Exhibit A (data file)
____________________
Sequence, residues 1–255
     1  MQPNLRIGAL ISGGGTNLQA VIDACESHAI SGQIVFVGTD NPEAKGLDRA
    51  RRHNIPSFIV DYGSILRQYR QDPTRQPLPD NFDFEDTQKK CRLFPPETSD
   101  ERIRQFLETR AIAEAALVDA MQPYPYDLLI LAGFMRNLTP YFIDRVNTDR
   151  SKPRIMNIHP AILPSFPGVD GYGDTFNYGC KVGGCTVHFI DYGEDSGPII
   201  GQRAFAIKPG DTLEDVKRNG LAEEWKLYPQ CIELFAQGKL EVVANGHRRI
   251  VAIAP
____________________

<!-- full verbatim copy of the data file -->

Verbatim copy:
Sequence, residues 1–255
     1  MQPNLRIGAL ISGGGTNLQA VIDACESHAI SGQIVFVGTD NPEAKGLDRA
    51  RRHNIPSFIV DYGSILRQYR QDPTRQPLPD NFDFEDTQKK CRLFPPETSD
   101  ERIRQFLETR AIAEAALVDA MQPYPYDLLI LAGFMRNLTP YFIDRVNTDR
   151  SKPRIMNIHP AILPSFPGVD GYGDTFNYGC KVGGCTVHFI DYGEDSGPII
   201  GQRAFAIKPG DTLEDVKRNG LAEEWKLYPQ CIELFAQGKL EVVANGHRRI
   251  VAIAP